When a pet develops a behavioral problem, it may seem that it developed overnight. Many behavioral issues are the result of a pet’s reaction to changes in his/her routine or environment. Owners can take a proactive approach to prepare a pet for “change” and actively help him adjust by being aware of the types of changes that predispose pets to problem behavior. We sometimes overlook the fact that our pets will not automatically successfully cope with the changes we impose on them. A move to a new location for example, can be a common trigger for separation anxiety problems in dogs. In general, dogs are much less tolerant of being left by themselves in unfamiliar environments than they are in familiar ones. It is also common for a dog to develop symptoms of separation anxiety after returning home from being boarded. Even though he is back in his familiar environment, being apart from his owner when he or she leaves for work now causes him distress.
Changes in family dynamic or in the family’s schedule can also cause problems for dogs. Children going away to college or an adult returning to work or working longer hours, causing the dog to be left alone more often can trigger destructiveness, house soiling, or excessive barking. On the other hand, when young children are home for the summer, bringing their friends the dog is expected to get along well with, aggression or territorial problems can result if the dog is not comfortable with unfamiliar children coming and going.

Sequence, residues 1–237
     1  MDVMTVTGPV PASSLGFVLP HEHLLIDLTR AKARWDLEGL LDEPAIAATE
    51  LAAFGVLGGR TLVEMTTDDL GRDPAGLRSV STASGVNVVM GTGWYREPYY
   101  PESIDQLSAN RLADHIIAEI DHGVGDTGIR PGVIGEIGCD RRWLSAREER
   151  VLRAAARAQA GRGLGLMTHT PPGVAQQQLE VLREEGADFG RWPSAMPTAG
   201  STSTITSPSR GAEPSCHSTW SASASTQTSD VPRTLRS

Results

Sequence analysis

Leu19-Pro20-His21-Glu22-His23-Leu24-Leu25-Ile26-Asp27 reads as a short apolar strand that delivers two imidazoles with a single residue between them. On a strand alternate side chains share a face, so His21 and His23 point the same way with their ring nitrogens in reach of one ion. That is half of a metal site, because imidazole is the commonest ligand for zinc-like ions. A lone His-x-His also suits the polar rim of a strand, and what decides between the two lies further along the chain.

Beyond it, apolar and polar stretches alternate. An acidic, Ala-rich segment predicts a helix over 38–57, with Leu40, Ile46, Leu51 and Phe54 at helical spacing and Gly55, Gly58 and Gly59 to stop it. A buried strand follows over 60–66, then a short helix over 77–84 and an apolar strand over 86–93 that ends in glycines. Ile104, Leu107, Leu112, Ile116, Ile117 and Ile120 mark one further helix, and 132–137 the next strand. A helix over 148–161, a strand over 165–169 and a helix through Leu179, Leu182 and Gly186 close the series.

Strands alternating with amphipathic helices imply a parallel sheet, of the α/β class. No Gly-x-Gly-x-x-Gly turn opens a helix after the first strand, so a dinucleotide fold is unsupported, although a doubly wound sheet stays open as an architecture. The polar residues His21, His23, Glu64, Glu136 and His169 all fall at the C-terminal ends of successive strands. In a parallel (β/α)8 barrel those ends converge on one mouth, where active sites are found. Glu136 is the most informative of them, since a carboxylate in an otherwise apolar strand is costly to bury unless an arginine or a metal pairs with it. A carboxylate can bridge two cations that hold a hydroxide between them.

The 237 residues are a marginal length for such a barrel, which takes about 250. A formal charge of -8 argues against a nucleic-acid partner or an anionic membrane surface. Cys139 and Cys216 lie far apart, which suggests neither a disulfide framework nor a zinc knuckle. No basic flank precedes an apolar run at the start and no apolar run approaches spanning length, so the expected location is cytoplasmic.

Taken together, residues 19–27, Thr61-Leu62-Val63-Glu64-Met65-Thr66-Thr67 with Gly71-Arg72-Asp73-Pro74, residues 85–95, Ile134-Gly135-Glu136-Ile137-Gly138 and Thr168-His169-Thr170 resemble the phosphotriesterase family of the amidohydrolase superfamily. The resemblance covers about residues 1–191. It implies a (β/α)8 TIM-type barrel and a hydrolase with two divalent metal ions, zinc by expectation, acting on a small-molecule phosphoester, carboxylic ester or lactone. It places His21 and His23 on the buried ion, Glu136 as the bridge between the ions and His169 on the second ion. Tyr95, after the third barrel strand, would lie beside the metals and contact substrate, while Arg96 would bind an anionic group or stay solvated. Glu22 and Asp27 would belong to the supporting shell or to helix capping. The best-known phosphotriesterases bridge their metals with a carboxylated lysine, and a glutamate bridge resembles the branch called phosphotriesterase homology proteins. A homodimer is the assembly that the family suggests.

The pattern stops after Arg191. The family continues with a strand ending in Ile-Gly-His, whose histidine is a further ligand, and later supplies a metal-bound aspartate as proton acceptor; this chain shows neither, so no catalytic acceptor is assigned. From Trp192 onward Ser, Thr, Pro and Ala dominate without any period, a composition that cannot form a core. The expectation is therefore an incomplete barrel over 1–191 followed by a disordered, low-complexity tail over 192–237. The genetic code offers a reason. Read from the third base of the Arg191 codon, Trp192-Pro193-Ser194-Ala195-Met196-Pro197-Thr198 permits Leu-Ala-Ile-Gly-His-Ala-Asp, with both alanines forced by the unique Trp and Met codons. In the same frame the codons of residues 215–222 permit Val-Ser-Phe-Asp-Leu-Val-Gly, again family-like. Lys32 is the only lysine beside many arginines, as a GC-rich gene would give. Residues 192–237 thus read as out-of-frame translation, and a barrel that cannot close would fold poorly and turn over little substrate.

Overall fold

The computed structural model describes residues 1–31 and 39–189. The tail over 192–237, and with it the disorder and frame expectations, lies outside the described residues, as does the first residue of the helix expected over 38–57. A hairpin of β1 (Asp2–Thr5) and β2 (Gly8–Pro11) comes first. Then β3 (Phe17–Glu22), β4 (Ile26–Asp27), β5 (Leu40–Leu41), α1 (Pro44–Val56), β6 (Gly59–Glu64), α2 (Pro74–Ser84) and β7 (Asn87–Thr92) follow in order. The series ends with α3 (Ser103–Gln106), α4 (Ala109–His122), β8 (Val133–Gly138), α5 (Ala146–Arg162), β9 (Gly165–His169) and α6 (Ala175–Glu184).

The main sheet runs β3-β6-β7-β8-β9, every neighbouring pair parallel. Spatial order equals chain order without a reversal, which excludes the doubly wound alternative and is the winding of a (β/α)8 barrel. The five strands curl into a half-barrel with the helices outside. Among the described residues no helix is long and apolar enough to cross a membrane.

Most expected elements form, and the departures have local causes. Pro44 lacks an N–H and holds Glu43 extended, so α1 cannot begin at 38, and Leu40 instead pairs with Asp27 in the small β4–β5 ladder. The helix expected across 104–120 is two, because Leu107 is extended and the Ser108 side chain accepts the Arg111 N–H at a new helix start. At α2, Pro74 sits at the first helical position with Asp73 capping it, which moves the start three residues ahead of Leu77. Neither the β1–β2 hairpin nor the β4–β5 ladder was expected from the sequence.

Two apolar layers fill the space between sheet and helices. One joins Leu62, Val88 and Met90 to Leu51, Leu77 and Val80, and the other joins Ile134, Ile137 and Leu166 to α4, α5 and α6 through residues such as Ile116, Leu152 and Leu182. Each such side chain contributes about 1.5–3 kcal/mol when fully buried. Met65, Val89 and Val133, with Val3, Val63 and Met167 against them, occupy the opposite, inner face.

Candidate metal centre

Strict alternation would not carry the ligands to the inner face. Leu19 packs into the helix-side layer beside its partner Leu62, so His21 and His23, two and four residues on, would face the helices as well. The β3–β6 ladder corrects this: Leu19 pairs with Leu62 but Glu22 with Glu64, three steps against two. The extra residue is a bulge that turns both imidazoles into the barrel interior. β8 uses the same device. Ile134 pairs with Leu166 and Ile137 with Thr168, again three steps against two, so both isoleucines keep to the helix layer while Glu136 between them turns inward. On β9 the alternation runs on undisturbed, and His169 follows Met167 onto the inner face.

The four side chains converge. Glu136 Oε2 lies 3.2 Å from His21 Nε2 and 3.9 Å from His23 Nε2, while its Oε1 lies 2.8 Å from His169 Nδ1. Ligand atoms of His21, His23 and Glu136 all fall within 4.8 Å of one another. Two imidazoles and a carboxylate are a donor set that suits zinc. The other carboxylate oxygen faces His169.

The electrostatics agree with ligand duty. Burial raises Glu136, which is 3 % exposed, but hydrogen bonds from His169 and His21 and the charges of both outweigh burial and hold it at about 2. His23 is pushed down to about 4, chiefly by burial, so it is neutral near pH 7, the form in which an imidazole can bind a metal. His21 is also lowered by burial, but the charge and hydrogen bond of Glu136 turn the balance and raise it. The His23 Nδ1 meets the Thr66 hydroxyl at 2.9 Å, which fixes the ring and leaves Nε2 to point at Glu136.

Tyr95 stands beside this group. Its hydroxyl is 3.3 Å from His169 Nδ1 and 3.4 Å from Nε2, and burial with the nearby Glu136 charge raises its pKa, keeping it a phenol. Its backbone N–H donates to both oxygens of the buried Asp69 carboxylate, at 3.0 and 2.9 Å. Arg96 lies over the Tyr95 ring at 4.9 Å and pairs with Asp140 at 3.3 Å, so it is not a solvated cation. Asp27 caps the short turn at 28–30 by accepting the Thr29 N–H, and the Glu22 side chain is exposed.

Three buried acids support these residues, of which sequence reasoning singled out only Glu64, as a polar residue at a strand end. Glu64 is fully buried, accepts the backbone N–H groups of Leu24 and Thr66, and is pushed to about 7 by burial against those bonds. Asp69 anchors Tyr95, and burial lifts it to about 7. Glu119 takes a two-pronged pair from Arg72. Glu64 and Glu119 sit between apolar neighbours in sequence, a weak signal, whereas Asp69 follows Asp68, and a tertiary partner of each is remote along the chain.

The behavior of both dogs and cats can also be severely disrupted by the addition of a new pet. Improper introductions predispose pets to fighting problems. With cats in particular, a poorly planned introduction that results in a fight can set the stage for the cats’ relationship for moths to come. Cats are also very sensitive to changes in their litterbox. It is not a good idea for example to continually switch brands of litter, searching for one that is on sale. If a cat is using the litterbox reliably, don’t make changes!
Cats who are not well socialized or friendly, often do not react well to vacationing friends and relative visiting the home. This can trigger urine-marking or scratching of objects other than the scratching post. Because scratching is primarily a marking behavior, a can may decide to expand his scratching behavior in an attempt to reclaim his territory.
If you are a pet owner and are anticipating either short-term or permanent changes in your routine or lifestyle, consider how these events may impact your pet. If possible, it is usually helpful to expose your pet to the change slowly or gradually. If you know that your pet tends to be shy, fearful, or not very adaptable when it comes to changes, a consultation with a professional animal behaviorist may be helpful. It is almost always easier to prevent problems than it is to resolve them!